Adam Bonn
    I think (said the forum user humbly to the Fuji author) that there's so many little variables at play with all this stuff, that it all only becomes relevant in very particular circumstances (your recent post RE OIS, the fast shutter speed and the helicopter for example) that don't have an effect on every shot.

    I also think that PERHAPS Sony were a little caught off guard by the success of their FF MILCs, ergo if had they to do it all again, they'd have bitten the bullet and designed a bespoke mount.... Ymmv


    On the subject of re-using APSC mounts, it seems that Leica PERHAPS always wanted to keep the T mount wide enough for FF, so they had their eye on the future... I doubt that Sony were thinking that far ahead when the Nex range first landed...

    Anyways.... FWIW, my HUNCH is that anything that makes your sensor and/or internal lens elements 'wobble' about a bit, can only be a good idea in quite a narrow range of circumstances... But please note the word hunch

    Of course, for users to holistically understand their image stabilisation options AND 100% understand when to/too not deploy them is a bit of a mine field... (As you've previously said iirc)

    IMO by not using such devices (give or take some lenses) Fuji have made the IQ figuratively and literally in the hands of the user. This I think is a good thing... Easier for me to remember when I might need a tripod, rather than calculate focal length/shutter speed combinations and decide whether to flick on the OIS switch or not!
     
  10. flysurfer

    flysurfer X-Pert

    Feb 1, 2013
    Nuremberg
    Rico Pfirstinger
    Well, you can ALWAYS switch them off when you aren't sure and you don't want to overthink the situation.

    The issue is: What happens when IBIS is off? Is it still affecting IQ sometimes? The same could be argued about OIS, because even when it's off, the magnets are still working to keep the lens elements in place. And of course, PDAF pixels are always active, even in MF mode with adapted lenses.

    It's not at all trivial, so experimenting is a good thing. Luckily, we haven't (so far) found any negative OIS impact when the feature is disabled.
     
  11. Henry

    Henry FujiXspot Rookie

    13
    Feb 13, 2013
    Thank you Rico, Adam, for the input. Adam, I read a four of articles of yours. Very interesting.

    I actually bought a new X-E2 and, after a photo shoot of a musician in the dark lighten with spots, I was amazed of the level of detail I retrieved in the shadows with DR400. This, in Adobe Raw. I tried Iridient Developer. I am still learning to make a nice black and white digital image.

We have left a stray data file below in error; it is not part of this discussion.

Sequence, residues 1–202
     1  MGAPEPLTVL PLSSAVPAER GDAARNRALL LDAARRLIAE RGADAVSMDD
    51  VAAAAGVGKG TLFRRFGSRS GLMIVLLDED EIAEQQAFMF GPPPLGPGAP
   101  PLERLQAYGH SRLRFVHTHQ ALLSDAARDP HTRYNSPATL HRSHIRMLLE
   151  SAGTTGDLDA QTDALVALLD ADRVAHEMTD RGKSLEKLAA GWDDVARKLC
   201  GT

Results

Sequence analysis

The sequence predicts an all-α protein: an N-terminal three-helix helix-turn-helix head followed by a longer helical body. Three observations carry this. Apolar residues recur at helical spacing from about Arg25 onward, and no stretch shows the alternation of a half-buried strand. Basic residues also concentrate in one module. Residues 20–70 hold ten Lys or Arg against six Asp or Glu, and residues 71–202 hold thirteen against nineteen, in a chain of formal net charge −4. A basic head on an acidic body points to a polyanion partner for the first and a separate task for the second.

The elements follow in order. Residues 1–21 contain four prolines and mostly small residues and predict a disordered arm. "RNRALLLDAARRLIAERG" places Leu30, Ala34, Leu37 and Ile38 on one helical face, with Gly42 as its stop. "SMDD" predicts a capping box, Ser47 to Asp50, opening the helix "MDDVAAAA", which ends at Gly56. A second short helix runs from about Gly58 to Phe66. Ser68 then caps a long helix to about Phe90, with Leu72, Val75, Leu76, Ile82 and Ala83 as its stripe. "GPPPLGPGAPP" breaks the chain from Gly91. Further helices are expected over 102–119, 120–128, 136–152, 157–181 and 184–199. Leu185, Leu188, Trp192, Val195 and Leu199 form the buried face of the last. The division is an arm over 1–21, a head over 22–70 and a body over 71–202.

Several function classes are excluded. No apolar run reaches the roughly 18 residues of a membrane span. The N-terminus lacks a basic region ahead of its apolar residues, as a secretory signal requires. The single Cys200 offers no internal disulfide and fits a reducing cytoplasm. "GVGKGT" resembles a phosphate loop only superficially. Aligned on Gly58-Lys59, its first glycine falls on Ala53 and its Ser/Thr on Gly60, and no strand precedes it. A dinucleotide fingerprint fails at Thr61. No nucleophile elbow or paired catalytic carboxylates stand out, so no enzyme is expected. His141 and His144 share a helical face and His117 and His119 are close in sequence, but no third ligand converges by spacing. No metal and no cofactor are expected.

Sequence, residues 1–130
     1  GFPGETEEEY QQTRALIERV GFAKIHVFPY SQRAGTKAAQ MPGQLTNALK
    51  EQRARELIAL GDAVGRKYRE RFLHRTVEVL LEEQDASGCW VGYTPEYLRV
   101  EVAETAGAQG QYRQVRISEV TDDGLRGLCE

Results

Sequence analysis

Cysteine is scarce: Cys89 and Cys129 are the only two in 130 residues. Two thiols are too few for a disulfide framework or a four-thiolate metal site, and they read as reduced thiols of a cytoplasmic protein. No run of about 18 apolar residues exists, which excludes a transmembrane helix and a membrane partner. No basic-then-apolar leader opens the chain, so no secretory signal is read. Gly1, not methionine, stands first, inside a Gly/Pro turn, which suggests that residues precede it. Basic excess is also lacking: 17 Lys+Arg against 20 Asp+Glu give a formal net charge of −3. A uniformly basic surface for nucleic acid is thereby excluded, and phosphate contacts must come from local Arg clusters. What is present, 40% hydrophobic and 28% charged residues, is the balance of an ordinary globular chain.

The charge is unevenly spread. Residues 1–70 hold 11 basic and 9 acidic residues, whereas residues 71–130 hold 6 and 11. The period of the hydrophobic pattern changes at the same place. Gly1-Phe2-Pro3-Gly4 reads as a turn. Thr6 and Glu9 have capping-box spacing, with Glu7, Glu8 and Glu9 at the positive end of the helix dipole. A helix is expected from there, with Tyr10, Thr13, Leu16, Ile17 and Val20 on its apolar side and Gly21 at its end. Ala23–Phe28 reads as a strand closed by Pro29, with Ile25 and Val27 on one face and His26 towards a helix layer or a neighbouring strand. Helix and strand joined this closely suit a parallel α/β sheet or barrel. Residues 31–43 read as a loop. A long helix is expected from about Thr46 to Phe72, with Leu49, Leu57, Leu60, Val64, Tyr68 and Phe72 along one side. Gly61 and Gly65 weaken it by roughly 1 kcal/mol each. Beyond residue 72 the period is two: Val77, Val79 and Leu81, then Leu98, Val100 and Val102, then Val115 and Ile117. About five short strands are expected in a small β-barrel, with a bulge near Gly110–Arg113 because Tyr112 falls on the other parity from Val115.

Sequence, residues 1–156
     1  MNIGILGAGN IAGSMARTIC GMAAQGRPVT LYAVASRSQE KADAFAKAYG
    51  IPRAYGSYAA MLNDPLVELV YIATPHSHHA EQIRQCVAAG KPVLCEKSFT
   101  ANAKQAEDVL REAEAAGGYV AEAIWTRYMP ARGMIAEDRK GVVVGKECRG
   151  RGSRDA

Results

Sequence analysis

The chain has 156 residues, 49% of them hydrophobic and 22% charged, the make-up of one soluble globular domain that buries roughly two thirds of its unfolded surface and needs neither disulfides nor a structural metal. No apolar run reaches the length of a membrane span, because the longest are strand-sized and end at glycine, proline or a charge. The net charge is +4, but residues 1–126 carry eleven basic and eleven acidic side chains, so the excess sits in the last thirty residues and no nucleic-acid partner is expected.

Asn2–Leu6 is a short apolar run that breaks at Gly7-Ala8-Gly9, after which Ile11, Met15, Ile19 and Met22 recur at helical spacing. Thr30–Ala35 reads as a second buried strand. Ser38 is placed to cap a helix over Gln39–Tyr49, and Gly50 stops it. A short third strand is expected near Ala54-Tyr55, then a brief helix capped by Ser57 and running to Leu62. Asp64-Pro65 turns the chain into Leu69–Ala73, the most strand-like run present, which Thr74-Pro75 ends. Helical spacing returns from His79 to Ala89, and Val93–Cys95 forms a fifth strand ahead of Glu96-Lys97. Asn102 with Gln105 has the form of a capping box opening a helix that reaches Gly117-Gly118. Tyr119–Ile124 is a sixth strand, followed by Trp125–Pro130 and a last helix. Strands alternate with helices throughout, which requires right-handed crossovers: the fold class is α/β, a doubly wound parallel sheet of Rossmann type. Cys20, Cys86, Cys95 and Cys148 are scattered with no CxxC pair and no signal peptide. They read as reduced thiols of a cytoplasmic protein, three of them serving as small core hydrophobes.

Thanks for the info about «pixel interpolation». Something I didn't know about.

    I have an E-m5, and I never used it for a serious project, as much I liked the camera and used it a lot, I ended scanning my film negatives. I kept my E-m5 for possible video work but I am intrigued by the old generation of Fuji cameras. In the stores, here in Canada, all the X-pro1 and X-e1 were sold. I didn't have a chance of handling one. I want to sell my e-m5 to try the X-pro1 but this means I sacrifice video work.

    I really like the X-E2 but I am really intrigued if the the X-pro1 or X-E1 will give more of the organic look that Adam is talking about and if It will win me over the X-E2. I kind of saw that in the many samples of images produced by the Fuji cameras on the internet.

    By the way, I really enjoyed browsing and looking at the at the pony and horse's pictures in the field.
     
    • Like Like x 1
  12. Adam Bonn

    Adam Bonn FujiXspot Veteran

    323
    Jan 13, 2016
    Porto
    Adam Bonn
    Thanks very much Henry, glad you enjoyed them!

    Re X-Trans I v II, sincerely, IMO it's win some lose some, I REALLY like the classic chrome sim on my XT1, but there's some subjects that I wouldn't use it for

    And likewise, with old vs new Fuji, there are times when I like the grittier/organic X-Trans I look and I think it suits the image. But there's other times, when the cleaner, crisper look of X-Trans II is preferable and I'm glad of that extra DR. Personally I feel that X-Trans II has an advantage at high (>3200) ISO for example. But for some of my street art (graffiti by any other name) shots and B&W conversions, that X-Trans I look delivers what I want...

    It's all very personal at the end of the day.